Seek Usefulness, Not Perfection
Remember, measurement is not the goal; improvement is the goal. In order to move forward to the next step, a team needs just enough data to know whether changes are leading to improvement. Also, try to leverage existing measures the team is already collecting data for and reporting on so it’s also easier and not additional work.
Sampling is a simple, efficient way to help a team understand how a system is performing. In cardiac surgery, the patient volume is typically low enough to allow tracking of key measures for all patients. However, sampling can save time and resources while accurately tracking performance. For example, if accurate data is not easily available through automated administrative databases, instead of monitoring the time from catheterization to cardiac surgery continuously, measure a random sample of 10 to 20 cardiac surgery patients per month.
Example: Use Sampling
Below is an example of using sampling in measuring the time for transfer from the emergency department (ED) to an inpatient bed.
Rapid movement from the ED after a decision to admit the patient is critical flow for entry to the entire system for emergent patient care. It represents the ability of patients with various illnesses to get into the system through the most common admission route.
Sampling approach: The measurement will consist of 6 weekly data collections of 25 patients each. The patients can be sampled in several ways, such as in one of the three ways described as follows:
- 5 patients per day for 5 days of the week (patients must be consecutive and at least one day must be a weekend day)
- 25 consecutive patients regardless of any specific day, except that it must include some weekend admissions
- If there are fewer than 25 admissions for a week, the total admissions for the week should be included in the sample
The time is measured from the decision to admit to the physical appearance of the patient into the inpatient room. The destination cannot be a "holding area" but must be a "real inpatient bed." The sample collection should be done in real time, so a data collection process needs to be worked out by members of the team to achieve this goal. The collections must be done weekly and summarized as the percentage of patients in the sample that achieved the goal for that week. Six weeks of data needs to be collected and six data points placed on a run chart.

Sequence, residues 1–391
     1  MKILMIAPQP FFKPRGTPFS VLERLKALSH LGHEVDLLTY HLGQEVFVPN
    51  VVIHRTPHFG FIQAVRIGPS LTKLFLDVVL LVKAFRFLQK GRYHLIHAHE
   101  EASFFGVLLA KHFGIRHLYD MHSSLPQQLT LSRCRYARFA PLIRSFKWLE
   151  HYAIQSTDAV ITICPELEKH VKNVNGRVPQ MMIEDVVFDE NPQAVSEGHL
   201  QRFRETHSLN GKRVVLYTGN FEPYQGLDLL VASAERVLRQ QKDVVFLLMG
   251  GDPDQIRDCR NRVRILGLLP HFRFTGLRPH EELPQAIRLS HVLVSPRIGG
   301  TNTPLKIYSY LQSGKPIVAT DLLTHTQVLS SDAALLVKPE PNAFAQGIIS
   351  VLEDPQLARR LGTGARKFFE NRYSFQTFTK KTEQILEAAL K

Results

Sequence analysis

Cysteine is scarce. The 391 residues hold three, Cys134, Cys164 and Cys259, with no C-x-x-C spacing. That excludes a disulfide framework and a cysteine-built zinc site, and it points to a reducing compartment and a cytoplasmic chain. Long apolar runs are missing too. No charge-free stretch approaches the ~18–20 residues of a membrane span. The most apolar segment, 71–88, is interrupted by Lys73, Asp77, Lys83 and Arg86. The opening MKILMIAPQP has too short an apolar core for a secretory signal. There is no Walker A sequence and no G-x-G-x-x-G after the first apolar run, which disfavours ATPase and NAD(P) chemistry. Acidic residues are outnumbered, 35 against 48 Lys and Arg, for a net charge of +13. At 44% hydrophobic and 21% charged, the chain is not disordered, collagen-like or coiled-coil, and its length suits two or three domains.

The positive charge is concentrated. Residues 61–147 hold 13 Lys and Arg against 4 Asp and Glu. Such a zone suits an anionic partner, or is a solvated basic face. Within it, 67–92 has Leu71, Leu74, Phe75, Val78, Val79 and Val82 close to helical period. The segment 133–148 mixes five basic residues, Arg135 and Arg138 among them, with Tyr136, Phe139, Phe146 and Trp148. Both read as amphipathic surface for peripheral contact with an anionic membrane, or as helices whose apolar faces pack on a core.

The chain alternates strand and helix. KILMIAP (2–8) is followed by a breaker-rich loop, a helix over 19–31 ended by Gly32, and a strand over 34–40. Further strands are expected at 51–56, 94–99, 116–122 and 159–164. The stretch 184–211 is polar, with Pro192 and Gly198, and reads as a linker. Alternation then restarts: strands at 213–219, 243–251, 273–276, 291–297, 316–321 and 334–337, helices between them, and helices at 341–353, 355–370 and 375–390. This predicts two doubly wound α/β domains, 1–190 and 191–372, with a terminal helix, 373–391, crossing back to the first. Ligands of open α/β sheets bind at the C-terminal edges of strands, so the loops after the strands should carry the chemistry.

Integrate Measurement into the Daily Routine
Useful data are often easy to obtain without relying on information systems. Don’t wait two months to receive data on patients’ average length of stay in the hospital from the information systems department. Develop a simple data collection form and make collecting the data part of someone’s job. Often, a few simple measures will yield all the information you need.
Use Qualitative and Quantitative Data
In addition to collecting quantitative data, be sure to collect qualitative data, which often are easier to access and highly informative. For example, ask the nursing staff how weaning from medications is going or how to improve the sedation protocol. Or, in order to focus your efforts on improving patient and family satisfaction, ask patients and their families about their experience of the cardiac surgery process.
Plotting Data Over Time
Plotting data over time using a run chart is a simple and effective way to determine whether the changes you are making are leading to improvement. Annotate the run chart to show the changes you made.